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Mr. Earle now offering up Bill Maher as a source of his 'facts'

To The Daily Sun,

Once again, in his most recent letter, Steve Earle validates my opinion that he is not so much interested in facts and the truth as he is in perpetuating a lie.

In keeping with the traditions of Joseph Goebbels, he and the right-wing hope that by keeping the lie alive more people will come to believe it. He would rather see President Obama maligned by lies rather than be represented by truth because, as Goebbels states, "Truth is the mortal enemy of the lie."

Earle is predisposed to trust the worst and believe that the administration would do horrible things and then conspire to cover them up. So anything that provides evidence, including the lengthy Republican-led House Intelligence Committee Benghazi report, after all the build-up, hype, and squandering millions of taxpayer dollars, is going to be rejected by Earle, who will resist any facts that complicate his view of reality and the right-wing agenda.

Despite reaffirming the findings of numerous previous investigations, conservatives won't accept the findings and want more investigations. Earle proclaims, "We the people want answers." While I'm not sure who these "people" are. I'm sure they won't be satisfied until they get the "right" answers.

In the past, I've mentioned Earle's statement, "I don't have to prove anything." In his letter, he fabricates a story about President Obama and lies, when in actuality he was responding to my questioning his sources and integrity. He furthers his lie by attributing to me a statement that "Obama didn't lie", a statement I never made, but "the world already knows." It must be the "world" according to Earle.

Earle is now offering up Bill Maher, a political satirist, as a source for his "facts". The comedian, responding to the deadly attack on a French satirical magazine, stated, "I know most Muslim people would not have carried out an attack like this," but "hundreds of millions of Muslims applaud these terrorist attacks." While Maher is a step up from Fox News, I would still question his sources — or maybe he doesn't have to prove anything. Maher has also stated that caring for minorities, women, the oppressed and downtrodden are "liberal principles". If we are to believe, as Earle does, that Maher is a source of "facts", we then can assume that liberals have cornered the market on caring for others and that conservatives are apparently incapable of doing so.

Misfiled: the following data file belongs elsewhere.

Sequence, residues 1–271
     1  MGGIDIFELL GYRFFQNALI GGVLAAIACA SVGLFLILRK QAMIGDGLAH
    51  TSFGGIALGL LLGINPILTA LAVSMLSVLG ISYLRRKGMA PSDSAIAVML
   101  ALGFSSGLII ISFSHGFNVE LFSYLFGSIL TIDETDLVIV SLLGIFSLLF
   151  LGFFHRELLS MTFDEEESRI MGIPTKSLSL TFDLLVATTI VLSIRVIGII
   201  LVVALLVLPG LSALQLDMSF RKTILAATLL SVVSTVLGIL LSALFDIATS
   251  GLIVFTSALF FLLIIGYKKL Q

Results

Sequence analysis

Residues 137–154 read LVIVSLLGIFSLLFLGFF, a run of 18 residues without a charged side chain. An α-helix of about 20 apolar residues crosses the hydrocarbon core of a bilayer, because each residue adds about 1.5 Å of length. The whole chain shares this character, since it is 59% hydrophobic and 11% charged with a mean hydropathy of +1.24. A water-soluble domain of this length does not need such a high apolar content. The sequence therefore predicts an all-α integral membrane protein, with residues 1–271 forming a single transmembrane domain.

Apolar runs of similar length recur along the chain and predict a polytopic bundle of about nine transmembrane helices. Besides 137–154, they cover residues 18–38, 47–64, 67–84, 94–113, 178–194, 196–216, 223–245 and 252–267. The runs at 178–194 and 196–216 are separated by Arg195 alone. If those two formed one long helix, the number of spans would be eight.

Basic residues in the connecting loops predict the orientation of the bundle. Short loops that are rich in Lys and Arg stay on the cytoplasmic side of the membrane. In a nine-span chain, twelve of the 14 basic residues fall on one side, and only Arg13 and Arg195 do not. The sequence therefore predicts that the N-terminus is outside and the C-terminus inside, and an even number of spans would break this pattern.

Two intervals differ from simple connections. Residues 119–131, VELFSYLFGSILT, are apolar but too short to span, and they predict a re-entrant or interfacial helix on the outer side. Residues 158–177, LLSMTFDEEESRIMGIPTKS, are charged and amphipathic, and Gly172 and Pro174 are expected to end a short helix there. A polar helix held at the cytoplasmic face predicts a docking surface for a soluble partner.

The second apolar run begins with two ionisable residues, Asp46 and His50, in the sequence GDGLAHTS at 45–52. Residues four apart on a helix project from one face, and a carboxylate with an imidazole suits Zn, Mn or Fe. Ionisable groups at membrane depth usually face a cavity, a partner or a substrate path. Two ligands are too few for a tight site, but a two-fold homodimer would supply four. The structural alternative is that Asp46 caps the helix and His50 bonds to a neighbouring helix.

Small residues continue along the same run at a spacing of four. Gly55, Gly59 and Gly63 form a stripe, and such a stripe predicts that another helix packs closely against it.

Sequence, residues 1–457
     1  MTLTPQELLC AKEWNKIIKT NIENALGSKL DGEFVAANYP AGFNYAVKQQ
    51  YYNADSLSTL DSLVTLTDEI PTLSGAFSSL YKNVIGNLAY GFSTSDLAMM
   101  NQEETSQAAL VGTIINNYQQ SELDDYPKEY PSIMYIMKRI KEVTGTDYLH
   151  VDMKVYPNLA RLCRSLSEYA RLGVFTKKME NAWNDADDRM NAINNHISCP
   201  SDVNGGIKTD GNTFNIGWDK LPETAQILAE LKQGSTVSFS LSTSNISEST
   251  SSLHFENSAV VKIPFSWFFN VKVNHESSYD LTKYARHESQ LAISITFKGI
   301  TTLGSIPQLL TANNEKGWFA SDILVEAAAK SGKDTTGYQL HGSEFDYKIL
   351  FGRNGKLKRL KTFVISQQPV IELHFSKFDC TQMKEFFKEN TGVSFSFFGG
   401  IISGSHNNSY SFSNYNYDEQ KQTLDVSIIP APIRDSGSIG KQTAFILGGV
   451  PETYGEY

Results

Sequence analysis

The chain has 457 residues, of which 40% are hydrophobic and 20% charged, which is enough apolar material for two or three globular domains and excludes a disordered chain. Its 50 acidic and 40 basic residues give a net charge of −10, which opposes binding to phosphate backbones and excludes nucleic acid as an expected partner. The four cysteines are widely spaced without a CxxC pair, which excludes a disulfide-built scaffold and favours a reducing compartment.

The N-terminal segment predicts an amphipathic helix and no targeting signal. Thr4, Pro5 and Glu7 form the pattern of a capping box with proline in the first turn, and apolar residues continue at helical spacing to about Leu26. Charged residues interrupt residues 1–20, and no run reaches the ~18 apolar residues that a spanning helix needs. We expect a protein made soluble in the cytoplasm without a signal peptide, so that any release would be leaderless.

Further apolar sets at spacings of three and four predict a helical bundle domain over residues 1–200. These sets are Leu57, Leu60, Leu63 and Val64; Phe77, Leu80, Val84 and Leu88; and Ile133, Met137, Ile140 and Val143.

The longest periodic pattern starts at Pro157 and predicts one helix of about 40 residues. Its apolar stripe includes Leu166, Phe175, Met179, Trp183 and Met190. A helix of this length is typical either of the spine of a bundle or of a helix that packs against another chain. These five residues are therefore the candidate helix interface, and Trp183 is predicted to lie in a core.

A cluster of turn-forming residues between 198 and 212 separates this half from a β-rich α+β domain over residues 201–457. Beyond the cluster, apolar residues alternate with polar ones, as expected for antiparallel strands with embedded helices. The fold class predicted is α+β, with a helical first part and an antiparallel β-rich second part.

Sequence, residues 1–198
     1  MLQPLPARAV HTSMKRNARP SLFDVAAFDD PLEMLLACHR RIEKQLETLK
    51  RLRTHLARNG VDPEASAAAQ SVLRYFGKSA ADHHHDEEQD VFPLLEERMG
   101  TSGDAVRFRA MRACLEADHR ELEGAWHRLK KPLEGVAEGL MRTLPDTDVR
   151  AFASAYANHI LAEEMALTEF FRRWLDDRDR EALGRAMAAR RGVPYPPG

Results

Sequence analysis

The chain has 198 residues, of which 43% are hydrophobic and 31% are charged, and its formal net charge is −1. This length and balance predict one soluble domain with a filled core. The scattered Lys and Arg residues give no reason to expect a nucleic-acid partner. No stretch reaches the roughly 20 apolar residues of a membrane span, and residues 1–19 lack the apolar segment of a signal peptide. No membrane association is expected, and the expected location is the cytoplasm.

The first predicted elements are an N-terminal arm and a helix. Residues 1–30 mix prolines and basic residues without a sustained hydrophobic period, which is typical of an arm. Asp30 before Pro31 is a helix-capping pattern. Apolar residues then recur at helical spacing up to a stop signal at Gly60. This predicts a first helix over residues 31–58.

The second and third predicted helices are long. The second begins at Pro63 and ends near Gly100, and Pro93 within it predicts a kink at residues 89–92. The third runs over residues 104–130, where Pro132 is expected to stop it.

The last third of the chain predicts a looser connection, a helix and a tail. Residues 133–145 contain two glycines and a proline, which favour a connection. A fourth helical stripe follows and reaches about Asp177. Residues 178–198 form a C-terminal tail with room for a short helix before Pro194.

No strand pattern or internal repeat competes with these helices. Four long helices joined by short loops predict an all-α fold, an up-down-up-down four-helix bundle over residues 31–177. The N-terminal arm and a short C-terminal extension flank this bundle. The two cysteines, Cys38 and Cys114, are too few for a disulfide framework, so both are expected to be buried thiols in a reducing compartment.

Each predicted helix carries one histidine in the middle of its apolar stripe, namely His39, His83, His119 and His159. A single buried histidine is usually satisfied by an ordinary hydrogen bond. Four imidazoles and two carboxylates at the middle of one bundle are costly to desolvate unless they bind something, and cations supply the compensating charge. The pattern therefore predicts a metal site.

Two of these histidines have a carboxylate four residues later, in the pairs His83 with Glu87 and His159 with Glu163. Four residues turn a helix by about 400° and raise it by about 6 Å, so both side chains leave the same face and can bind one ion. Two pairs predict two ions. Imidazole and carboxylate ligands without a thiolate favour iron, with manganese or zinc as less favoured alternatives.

L.J. Siden


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Some of the worst ideas in the world have come from religion

To The Daily Sun,

I enjoyed Professor Cracraft's op-ed the other day and commend him for trying to educate conservative Christians, or any Christian for that matter. A good Catholic friend of mine once recommended that I don't write about religion in this media because I would be arguing "apples and oranges", as he put it.

You see Christians have had a "personal experience" with the Lord, and unless one has had the same, it would be useless to discuss anything with them. My friend is a convert to the faith and therefore is, shall we say, a bit more energetic in his beliefs. He liked to refer to me as a "cradle Catholic," meaning I was born into it, so therefore did not understand my own religion since I had a "child's perspective" on it. Whatever. He failed to take into account that I was Catholic until early adulthood.

We've all had these personal experiences with the Lord at one time or another and as we mature we begin to recognize that they are nothing more than chemical reactions in the brain — at least many of us do. A year ago I touched on the topic of religion and got a quick response from a so-called teacher of the Bible from Franklin who warned me that I was verging on "blasphemy" — it bordered on a threat. One should never argue religion with an atheist — especially Bible thumpers.

It's one thing to memorize a catechism and brainwash children about "talking snakes", but quite another to investigate holy texts with a critical eye. Some of the worst ideas in the world have come from religion.

Blasphemy is one of them. It is a notion that some ideas are off limits to criticism. By definition, criticism of these ideas is an outrage and it is this emotion that the crime of blasphemy evokes in believers. The idea that blasphemy must be prevented or avenged has caused millions of murders over the centuries and countless other horrors.

Here's the bottom line in my humble opinion: Christians need to face up to the fact of their own mortality. If they need to fabricate stories and invent jewel encrusted sidewalks and streets paved with gold, then fine. Whatever it takes to help them with the journey. They should, however, refrain from imposing their insecurities onto others.

George Maloof


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